Abuja, Nigeria –
Nigerian authorities have ordered a curfew in a northwestern state where hundreds of people protested on Saturday demanding the release of suspects in the brutal murder of a Christian student accused of blasphemy against Islam.
Sokoto state Governor Aminu Tambuwal has imposed a 24-hour curfew “with immediate effect” as protests in the state capital escalated amid religious tensions.
The victim, identified as Deborah Samuel, was stoned, beaten and burned alive on Friday at the Shehu Shagari College of Education in Sokoto state after being accused of “making a social media post that blasphemed … against the prophet Muhammad,” police said.
The authorities closed the school and asked other students to leave the premises. However, on Saturday the students demonstrated to demand that the police release their two fellow students detained as suspects in connection with the murder.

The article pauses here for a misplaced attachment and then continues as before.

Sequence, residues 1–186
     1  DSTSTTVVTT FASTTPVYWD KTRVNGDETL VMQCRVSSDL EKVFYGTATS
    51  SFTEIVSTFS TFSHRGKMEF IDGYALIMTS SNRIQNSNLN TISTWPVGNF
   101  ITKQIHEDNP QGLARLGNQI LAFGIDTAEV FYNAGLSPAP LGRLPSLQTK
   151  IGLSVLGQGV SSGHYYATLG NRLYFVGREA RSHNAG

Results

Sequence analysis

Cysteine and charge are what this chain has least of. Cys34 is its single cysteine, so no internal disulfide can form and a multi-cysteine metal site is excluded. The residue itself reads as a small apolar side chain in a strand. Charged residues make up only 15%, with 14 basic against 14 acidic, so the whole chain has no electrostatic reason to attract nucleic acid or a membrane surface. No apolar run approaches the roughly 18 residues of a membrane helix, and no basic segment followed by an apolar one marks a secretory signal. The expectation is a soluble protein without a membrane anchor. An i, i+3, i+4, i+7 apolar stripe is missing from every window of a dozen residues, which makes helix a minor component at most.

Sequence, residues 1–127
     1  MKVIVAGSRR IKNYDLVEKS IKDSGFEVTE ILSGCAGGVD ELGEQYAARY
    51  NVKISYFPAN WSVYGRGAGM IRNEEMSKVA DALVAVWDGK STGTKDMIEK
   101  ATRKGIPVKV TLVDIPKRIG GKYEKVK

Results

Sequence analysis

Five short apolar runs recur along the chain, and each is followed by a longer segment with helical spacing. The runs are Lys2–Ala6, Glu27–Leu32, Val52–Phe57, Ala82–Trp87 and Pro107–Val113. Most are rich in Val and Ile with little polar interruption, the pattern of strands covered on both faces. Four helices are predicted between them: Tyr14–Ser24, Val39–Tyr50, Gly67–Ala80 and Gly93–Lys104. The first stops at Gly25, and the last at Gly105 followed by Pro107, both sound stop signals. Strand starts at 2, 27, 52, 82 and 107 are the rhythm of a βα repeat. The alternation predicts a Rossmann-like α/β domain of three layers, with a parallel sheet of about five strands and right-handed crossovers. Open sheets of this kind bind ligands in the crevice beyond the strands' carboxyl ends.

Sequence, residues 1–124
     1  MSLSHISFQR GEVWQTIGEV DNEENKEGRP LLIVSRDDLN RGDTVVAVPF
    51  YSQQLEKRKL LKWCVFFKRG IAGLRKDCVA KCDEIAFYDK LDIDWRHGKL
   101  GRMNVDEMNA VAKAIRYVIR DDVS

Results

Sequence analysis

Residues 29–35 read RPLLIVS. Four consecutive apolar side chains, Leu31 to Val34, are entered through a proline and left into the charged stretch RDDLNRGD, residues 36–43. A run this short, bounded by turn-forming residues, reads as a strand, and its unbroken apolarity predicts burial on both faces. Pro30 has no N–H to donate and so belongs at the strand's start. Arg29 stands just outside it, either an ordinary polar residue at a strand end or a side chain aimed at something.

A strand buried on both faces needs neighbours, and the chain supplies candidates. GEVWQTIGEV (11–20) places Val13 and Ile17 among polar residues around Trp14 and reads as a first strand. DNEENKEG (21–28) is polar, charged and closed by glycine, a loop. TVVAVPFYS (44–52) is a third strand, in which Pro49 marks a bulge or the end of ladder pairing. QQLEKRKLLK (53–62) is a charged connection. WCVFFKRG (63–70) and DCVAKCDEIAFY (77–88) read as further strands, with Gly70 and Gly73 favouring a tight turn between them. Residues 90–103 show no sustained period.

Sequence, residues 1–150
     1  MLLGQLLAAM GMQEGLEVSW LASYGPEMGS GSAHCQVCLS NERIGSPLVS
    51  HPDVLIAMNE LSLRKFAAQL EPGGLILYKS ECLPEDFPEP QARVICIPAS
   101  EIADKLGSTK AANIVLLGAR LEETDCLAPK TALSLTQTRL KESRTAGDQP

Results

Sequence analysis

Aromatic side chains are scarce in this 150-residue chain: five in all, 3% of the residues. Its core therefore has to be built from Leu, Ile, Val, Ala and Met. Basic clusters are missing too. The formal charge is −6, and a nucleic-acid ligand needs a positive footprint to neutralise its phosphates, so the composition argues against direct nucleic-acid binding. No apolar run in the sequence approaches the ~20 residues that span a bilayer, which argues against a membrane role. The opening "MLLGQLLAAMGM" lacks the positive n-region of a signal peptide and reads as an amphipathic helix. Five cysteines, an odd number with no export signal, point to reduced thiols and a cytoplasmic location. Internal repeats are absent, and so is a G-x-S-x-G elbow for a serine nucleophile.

The killing of Samuel, a Christian, highlights the deep religious divide in Africa’s most populous country, where violence has erupted in the past in response to actions or comments deemed anti-Islamic.
In far-flung Kaduna state, some 500 kilometers (310 miles) from Sokoto, the state government has also banned protests “related to religious activities,” citing “movements by some unpatriotic elements” to stage a demonstration over the Sokoto incident.
Christian and Muslim leaders alike condemned the student’s murder and called for the perpetrators to be brought to justice.
Nigerian President Muhammadu Buhari “said the news of the young woman’s murder by her fellow students was cause for concern and demanded a full and impartial investigation into everything that happened before and during the incident,” according to a statement from a spokesperson.